Neurocysticercosis as an infectious acquired epilepsy worldwide

Seizure. 2017 Nov;52:176-181. doi: 10.1016/j.seizure.2017.10.004. Epub 2017 Oct 7.

Abstract

Aside from brain injury and genetic causes, there is emerging information on brain infection and inflammation as a common cause of epilepsy. Neurocysticercosis (NCC), the most common cause of epilepsy worldwide, is caused by brain cysts from the Taenia solium tapeworm. In this article, we provide a critical analysis of current and emerging information on the relationship between NCC infection and epilepsy occurrence. We searched PubMed and other databases for reports on the prevalence of NCC and incidence of epilepsy in certain regions worldwide. NCC is caused by brain cysts from the T. solium and related tapeworms. Many people with NCC infection may develop epilepsy but the rates are highly variable. MRI imaging shows many changes including localization of cysts as well as the host response to treatment. Epilepsy, in a subset of NCC patients, appears to be due to hippocampal sclerosis. Serologic and brain imaging profiles are likely diagnostic biomarkers of NCC infection and are also used to monitor the course of treatments. Limited access to these tools is a key limitation to identify and treat NCC-related epilepsy in places with high prevalence of this parasite infestation. Overall, NCC is a common infection in many patients with epilepsy worldwide. Additional clinical and animal studies could confirm common pathology of NCC as a postinfectious epilepsy that is curable.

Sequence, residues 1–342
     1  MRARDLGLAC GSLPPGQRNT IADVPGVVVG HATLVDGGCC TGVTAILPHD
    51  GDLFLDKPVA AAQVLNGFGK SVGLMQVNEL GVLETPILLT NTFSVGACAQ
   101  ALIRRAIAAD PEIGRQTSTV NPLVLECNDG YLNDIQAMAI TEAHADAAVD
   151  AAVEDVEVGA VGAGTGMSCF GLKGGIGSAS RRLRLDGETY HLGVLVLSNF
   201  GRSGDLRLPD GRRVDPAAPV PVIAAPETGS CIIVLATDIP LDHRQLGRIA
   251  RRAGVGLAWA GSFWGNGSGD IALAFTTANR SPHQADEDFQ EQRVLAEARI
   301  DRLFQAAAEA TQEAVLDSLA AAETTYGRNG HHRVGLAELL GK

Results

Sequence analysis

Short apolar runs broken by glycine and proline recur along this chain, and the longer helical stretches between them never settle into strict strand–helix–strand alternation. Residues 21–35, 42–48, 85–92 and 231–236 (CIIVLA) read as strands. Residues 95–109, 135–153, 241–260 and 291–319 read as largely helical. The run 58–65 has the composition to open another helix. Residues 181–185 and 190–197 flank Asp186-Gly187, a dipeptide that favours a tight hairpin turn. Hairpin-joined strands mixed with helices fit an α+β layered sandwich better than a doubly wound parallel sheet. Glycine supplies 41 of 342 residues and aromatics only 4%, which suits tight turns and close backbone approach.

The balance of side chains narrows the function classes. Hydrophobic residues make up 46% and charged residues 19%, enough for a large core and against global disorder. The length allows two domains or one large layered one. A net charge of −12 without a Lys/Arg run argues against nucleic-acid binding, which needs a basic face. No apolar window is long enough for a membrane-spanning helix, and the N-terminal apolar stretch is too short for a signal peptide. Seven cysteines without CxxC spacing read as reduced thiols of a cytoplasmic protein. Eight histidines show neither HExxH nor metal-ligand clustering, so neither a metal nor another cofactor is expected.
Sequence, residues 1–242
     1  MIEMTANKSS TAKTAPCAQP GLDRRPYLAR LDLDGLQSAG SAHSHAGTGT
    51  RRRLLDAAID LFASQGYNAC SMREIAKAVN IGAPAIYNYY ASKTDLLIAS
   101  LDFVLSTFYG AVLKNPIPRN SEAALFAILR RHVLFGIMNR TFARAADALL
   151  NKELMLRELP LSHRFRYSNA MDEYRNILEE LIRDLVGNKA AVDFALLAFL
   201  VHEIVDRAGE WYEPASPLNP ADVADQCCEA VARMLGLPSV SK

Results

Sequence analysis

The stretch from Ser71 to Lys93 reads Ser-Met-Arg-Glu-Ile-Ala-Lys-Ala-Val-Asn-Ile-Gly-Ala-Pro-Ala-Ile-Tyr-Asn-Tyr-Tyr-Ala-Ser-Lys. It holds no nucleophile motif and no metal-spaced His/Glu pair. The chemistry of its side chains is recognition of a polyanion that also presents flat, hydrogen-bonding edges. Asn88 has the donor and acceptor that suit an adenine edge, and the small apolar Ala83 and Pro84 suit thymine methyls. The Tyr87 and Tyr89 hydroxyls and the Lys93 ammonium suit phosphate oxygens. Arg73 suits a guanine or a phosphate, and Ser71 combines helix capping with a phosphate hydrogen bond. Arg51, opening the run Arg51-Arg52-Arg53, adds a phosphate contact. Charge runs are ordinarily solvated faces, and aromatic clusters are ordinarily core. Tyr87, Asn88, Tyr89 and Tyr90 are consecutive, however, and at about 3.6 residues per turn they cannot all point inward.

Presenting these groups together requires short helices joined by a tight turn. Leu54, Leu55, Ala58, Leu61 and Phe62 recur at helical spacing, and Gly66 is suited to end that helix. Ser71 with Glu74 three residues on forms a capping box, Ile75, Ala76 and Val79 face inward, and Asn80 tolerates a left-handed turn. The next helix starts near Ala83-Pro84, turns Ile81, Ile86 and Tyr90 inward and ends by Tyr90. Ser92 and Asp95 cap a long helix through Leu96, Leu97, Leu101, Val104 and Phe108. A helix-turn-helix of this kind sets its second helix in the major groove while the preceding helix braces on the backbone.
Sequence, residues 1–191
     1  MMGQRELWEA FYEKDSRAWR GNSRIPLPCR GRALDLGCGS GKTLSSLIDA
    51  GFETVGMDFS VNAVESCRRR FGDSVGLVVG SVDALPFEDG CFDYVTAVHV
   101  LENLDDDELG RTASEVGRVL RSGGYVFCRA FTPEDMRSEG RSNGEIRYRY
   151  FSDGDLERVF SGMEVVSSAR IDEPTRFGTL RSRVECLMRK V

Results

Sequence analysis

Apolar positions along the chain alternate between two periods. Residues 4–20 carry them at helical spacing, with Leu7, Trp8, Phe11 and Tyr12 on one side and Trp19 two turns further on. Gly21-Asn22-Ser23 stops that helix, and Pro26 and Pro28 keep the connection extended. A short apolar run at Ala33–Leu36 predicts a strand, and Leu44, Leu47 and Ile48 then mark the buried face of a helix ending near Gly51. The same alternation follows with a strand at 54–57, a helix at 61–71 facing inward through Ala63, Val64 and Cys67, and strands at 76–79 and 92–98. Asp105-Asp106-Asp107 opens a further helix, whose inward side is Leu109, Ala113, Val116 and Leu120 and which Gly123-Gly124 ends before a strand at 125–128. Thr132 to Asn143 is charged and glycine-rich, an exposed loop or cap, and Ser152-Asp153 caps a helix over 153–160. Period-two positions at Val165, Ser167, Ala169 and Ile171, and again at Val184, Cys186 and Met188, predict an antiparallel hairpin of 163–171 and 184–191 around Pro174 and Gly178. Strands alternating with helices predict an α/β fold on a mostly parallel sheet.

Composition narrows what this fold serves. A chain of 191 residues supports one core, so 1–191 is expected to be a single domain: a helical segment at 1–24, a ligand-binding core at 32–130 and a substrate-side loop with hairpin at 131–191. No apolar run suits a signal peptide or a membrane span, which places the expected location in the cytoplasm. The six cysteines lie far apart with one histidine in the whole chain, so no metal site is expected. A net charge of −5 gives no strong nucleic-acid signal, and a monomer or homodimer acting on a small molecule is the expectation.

Keywords: Epileptogenesis; Infestation; Neurocysticercosis; Parasite; Taenia solium.

Publication types

  • Review

MeSH terms

  • Animals
  • Disease Models, Animal
  • Epilepsy / etiology*
  • Humans
  • Neurocysticercosis / complications*